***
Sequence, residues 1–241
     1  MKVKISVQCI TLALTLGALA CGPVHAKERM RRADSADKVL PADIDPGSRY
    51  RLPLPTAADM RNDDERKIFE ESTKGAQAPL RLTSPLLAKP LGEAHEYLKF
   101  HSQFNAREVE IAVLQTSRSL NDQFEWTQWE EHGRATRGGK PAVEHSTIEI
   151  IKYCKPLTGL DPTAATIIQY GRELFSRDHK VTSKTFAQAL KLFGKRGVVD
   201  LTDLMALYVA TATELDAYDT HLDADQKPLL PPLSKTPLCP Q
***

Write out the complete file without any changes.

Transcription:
Sequence, residues 1–241
     1  MKVKISVQCI TLALTLGALA CGPVHAKERM RRADSADKVL PADIDPGSRY
    51  RLPLPTAADM RNDDERKIFE ESTKGAQAPL RLTSPLLAKP LGEAHEYLKF
   101  HSQFNAREVE IAVLQTSRSL NDQFEWTQWE EHGRATRGGK PAVEHSTIEI
   151  IKYCKPLTGL DPTAATIIQY GRELFSRDHK VTSKTFAQAL KLFGKRGVVD
   201  LTDLMALYVA TATELDAYDT HLDADQKPLL PPLSKTPLCP Q